Between the Muslim communities in Orange, Hamden and New Haven, they have always managed to pull together the funds in the end, Hasan said. He cited the Muslim concept of “Sadaqah,” or voluntary charity, as the reason for the mosque to shoulder the financial burden for families that cannot afford it.
“Honestly, economically, people are struggling right now so the donations are not as great as they used to be in the past,” said Hasan.
Technically, the Connecticut Department of Social Services offers burial assistance of up to $1,400 for individuals with very limited means. But in practice, Hasan says the assistance has not been immediately useful as it takes days to process.
Since Muslims do not embalm the body, they prefer to bury the dead as quickly as possible, within 24 hours. If they delay until after state assistance is approved, the body will deteriorate.
Hasan recently buried a Muslim man whose family could not afford the funeral. Although they applied for state assistance, it took too long and by that time, the mosque had already covered funeral expenses.
“We don’t get any support from the government,” said Hasan. “Everything is done individually by the mosque.”
When Farooqi’s father passed away seven years ago, she inadvertently found herself becoming acquainted with the rituals and regulations of death — both Islamic and state-imposed.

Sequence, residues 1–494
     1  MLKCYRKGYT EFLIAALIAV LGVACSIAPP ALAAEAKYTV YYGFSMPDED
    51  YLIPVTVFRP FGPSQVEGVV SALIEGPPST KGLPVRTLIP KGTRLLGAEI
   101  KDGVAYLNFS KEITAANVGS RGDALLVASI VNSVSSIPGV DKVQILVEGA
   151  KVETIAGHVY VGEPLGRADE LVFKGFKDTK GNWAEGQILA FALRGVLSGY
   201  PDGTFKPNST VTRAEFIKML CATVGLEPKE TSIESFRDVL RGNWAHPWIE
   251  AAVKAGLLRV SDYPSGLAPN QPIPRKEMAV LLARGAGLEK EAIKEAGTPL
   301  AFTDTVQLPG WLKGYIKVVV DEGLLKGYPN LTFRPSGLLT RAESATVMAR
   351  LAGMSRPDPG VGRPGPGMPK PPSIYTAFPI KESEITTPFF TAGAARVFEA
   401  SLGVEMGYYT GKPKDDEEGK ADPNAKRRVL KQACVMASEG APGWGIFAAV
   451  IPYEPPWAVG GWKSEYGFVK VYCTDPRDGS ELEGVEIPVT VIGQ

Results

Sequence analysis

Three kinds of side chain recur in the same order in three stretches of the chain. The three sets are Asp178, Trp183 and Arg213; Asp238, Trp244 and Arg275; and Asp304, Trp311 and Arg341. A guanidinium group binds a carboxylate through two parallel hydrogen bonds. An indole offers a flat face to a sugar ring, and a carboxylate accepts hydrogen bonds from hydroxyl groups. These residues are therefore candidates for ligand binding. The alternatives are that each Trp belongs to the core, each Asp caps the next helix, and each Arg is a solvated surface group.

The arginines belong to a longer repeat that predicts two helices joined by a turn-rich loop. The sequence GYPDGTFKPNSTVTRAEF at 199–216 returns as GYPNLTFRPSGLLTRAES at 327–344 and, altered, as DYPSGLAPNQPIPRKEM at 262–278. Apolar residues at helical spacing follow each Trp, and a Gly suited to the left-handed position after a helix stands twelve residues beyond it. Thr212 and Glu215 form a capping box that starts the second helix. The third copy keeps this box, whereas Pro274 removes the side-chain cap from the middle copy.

Connecticut law generally prohibits people from bringing dead bodies into their homes, unless they have special permission. But for Farooqi, part of Muslim tradition is that a body should never be left unattended.
Farooqi gained permission from the state to bring her father back home where she stood vigil over him through the night, saying prayers over his body. Outside, a state official was parked all night to ensure that the body was buried the following morning in line with state health and safety regulations.
At that time, the only Muslim cemetery in Connecticut was located in Enfield, almost 60 miles and an hour’s drive from New Haven. So to Enfield Farooqi went.
For a Muslim, it is ideal to be buried in a Muslim cemetery. Bajwa explained that the idea of community is deeply rooted in Islam. Even after death Muslims see themselves — irrespective of race, nationality and ethnicity — as part of a global ummah, or global Muslim community.